This is our second day of recovery from our July 4th celebration held on Saturday.  Our party started five or six years ago and was really a small affair.  We would invite our immediate family and close friends over for a barbecue.  The kids would swim most of the day and the adults would gossip about what was going on over the beverage of their choice.  Oh yes, we also ate…and ate…and ate.  Each year after that first party, the July 4th celebration just kept getting bigger.  We weren’t really increasing our immediate family so that wasn’t the reason for the growth.  I guess we were just meeting more friends that we felt we wanted to come over.  So this year, it was our biggest party to date.  125 people big.  So big that we thought we needed a tent for people to sit under to ward off the sun.  That was a good idea as temperatures hit 85 degrees with full sun.  The tent that we got was like a circus tent.  We were joking that later that night, one of us would be performing a Cirque du Soleil performance at the top of it.  Festivities went from 1 in the afternoon until about midnight.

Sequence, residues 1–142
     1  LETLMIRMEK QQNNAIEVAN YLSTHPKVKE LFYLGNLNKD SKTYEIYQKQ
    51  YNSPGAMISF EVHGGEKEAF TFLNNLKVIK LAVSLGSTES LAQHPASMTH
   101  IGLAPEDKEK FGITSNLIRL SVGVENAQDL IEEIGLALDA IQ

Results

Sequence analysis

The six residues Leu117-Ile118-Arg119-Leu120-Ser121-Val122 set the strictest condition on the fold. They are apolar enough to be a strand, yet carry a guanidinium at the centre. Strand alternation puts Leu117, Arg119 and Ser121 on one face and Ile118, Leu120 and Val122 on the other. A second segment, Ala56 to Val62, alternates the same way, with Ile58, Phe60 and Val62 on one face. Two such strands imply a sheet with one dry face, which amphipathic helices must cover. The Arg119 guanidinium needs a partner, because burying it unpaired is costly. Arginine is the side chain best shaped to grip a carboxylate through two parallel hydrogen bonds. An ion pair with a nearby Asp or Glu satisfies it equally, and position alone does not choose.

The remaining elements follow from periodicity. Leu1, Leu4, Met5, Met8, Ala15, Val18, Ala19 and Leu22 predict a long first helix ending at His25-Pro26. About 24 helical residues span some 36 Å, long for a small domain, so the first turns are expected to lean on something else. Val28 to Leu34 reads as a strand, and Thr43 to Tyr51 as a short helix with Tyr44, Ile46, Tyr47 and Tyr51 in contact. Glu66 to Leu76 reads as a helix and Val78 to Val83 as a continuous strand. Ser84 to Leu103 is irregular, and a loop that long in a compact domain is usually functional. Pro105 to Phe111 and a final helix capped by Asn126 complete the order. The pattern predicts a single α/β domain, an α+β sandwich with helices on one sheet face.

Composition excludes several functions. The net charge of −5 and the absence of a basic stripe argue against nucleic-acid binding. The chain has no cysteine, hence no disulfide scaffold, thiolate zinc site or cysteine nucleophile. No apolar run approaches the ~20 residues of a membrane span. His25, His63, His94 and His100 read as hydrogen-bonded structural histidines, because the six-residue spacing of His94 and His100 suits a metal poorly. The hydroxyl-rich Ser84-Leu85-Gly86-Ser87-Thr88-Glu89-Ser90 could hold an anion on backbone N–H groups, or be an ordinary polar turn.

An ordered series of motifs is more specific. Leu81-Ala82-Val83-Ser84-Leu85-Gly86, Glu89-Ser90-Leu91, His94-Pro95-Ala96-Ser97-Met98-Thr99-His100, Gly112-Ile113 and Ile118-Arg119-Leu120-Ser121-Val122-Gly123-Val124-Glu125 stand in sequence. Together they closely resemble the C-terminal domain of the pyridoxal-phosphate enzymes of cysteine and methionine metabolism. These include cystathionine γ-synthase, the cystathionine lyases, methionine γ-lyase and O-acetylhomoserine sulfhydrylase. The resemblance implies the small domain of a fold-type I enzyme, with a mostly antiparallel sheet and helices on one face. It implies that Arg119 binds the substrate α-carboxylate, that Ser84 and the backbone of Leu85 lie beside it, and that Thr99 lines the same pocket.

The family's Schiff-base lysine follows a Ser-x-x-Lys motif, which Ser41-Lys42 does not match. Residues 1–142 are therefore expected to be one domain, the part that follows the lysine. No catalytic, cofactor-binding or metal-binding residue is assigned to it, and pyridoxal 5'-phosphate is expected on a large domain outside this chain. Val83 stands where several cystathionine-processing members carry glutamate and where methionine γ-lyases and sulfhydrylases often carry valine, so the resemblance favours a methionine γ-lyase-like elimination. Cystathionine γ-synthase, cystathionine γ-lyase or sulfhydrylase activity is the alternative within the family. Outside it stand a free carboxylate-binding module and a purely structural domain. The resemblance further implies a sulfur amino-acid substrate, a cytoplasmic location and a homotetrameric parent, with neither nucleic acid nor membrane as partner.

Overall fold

Believe us when we tell you that 125 people can eat.  We had food on the barbecue grill outside and lots of good old Italian food on the inside.

We will try now to the best of our ability to document all the food that we enjoyed.  I am sure we forgot a lot, but here’s a good try:

  • 20 pounds of hot dogs
  • 30 pounds of hamburgers
  • 20 pounds of skirt steaks
  • 30 pounds of baby lamb chops
  • 20 pounds of boneless chicken thighs
  • Large tray of chicken marsala
  • Large tray of eggplant parmesan
  • Large tray of sausage and peppers
  • Large tray of penne marinara
  • Large tray of rigatoni with sausage and broccoli rabe